Project Risk Management
"Risk is inherent to any activity. A project risk represents an uncertain event or condition that, if it occurs, could have an undesirable effect on a project objective. A project manager may accept or ignore risks depending on the possible consequences." (University of Phoenix, 2003)
The risk management process follows three steps: identification, analysis, response. "Risk identification is generally done as part of a feasibility study, at the beginning of the active project work, and at each new phase of a large project. The process of identification is assisted by use of risk factor tables that capture indicators of commonly encountered risks." (Texas DIR, 2000) Some project managers add a tracking and control step a post-mortem of sorts.
The identified risks are then "analyzed to establish the project exposure for each risk and to determine which risk items are the most important ones to address. Risk exposure is defined as the product of the likelihood that the risk will occur and the magnitude of the consequences of its occurrence." (Texas DIR, 2000) By addressing the most significant risks items, the project should proceed smoothly with optimal success.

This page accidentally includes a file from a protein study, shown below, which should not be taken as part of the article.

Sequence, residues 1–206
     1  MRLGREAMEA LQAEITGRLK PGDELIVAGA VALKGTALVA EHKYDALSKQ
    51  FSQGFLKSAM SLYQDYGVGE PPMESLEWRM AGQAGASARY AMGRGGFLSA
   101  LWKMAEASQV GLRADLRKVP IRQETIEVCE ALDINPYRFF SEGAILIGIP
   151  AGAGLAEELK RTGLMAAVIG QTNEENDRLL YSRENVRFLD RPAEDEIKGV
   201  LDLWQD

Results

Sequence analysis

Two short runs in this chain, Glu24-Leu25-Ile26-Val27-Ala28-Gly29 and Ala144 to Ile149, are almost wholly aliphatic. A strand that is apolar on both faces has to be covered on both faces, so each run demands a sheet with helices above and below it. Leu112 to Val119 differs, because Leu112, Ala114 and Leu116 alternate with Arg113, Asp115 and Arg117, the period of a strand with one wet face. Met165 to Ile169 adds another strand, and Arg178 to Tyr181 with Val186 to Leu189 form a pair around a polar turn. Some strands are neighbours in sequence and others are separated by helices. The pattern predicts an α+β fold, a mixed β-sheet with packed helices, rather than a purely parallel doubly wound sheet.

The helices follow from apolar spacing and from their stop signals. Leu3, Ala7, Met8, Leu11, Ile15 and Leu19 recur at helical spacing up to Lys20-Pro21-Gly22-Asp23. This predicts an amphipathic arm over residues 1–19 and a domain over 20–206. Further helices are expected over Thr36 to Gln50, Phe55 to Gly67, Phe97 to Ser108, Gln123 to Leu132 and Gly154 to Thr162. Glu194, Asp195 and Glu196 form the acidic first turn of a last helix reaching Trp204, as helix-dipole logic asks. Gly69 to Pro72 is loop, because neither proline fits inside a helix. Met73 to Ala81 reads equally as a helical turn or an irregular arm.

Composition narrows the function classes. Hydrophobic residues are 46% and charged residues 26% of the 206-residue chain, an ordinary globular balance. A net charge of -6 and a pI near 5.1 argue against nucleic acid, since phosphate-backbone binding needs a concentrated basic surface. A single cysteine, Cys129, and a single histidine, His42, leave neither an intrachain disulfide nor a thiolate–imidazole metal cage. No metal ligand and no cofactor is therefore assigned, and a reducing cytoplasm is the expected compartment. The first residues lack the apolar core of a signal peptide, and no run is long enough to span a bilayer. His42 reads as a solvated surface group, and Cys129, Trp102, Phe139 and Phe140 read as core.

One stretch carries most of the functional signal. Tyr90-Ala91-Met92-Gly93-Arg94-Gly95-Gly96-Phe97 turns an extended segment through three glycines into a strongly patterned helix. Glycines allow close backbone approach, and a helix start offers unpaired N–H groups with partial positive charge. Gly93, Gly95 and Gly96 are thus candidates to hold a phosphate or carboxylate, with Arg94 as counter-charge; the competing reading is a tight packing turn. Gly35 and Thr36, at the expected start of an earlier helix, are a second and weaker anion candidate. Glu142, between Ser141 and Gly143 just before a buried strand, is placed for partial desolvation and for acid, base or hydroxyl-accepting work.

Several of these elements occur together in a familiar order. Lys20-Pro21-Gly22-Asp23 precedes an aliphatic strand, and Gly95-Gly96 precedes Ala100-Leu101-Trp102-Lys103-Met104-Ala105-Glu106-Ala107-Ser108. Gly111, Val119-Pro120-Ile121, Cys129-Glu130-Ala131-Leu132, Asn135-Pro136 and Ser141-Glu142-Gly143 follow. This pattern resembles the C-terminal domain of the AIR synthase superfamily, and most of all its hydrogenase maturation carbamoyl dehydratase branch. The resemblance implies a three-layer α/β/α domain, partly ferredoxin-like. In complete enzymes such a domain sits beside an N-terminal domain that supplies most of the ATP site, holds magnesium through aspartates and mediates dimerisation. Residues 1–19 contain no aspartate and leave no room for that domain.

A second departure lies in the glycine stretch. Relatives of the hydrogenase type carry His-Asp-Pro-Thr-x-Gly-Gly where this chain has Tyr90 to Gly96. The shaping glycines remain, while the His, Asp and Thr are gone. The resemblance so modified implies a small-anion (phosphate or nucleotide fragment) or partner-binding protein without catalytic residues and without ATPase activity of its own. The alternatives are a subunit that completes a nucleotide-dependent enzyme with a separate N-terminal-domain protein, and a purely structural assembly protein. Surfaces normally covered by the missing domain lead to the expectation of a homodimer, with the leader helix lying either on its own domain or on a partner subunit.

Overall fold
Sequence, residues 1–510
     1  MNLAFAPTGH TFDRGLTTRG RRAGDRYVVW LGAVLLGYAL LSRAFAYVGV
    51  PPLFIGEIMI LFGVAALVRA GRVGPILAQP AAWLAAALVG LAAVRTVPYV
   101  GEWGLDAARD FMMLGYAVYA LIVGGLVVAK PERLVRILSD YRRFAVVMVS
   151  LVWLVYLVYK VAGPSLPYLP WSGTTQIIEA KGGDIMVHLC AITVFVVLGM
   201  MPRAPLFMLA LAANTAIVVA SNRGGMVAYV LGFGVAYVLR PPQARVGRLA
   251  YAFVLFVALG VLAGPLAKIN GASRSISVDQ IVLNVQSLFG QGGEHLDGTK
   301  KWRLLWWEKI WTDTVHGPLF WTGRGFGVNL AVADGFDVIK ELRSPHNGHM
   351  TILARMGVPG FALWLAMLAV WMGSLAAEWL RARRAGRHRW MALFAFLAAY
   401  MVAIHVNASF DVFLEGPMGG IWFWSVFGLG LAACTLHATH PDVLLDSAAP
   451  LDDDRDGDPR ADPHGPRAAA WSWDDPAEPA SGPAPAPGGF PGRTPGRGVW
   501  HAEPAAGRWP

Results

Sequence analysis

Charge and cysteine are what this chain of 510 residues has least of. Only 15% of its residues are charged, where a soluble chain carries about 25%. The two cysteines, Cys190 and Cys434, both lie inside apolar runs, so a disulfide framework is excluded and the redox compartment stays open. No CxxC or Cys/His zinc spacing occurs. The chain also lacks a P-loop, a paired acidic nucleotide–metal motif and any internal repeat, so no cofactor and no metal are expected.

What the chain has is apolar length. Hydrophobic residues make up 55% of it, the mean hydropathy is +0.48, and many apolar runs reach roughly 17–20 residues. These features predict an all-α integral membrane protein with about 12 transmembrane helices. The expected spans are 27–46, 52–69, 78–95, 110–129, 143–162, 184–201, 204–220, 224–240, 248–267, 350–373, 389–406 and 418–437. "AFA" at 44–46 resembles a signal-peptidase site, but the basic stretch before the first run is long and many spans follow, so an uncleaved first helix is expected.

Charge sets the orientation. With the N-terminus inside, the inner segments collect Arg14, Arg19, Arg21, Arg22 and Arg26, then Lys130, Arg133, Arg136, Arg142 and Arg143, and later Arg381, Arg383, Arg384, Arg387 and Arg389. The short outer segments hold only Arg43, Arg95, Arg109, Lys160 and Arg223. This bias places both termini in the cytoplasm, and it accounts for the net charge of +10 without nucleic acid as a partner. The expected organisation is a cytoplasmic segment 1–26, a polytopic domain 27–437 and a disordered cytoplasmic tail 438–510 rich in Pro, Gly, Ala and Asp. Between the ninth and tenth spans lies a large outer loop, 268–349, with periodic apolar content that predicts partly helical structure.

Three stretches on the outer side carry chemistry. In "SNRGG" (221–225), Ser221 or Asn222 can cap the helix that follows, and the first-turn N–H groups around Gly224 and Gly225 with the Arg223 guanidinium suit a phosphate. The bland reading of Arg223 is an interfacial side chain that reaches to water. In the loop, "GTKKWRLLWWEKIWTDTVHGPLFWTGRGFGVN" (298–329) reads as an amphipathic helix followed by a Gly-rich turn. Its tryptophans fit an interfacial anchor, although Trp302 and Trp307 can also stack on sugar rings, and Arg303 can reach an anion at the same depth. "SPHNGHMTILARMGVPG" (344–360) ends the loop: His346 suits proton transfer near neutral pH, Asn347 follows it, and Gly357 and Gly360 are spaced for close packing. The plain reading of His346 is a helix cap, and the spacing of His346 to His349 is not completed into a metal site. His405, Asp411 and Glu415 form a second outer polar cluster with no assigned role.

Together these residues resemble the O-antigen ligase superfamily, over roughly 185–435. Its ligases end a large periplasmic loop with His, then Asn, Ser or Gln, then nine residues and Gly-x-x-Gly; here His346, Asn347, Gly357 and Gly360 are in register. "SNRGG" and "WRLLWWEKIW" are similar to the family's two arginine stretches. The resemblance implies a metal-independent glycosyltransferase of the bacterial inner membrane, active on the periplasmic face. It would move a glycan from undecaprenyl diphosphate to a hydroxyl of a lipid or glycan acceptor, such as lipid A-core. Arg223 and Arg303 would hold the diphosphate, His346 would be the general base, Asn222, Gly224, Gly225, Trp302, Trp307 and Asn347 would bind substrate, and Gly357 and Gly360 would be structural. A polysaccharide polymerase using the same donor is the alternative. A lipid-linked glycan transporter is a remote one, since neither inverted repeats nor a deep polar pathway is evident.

Robert Tusler (1996) quotes Larry Krantz, Chief Executive of Euro Log Ltd as saying that "A risk is a combination of constraint and uncertainty." Every project has constraints and uncertainty. The risk to the project can be minimized either by eliminating constraints or by identifying and reducing uncertainty. Risk Identification
Some risks are inherent in every project some are very specific. Generic risks such as lack of money, people or time and natural and manmade disasters are risks to every project in existence. Other risks such as the availability of a certain raw material or the need for a person with specific expertise may affect only a small percentage of projects. "Risks should be defined in two parts. The first is the cause of the situation (Vendor not...
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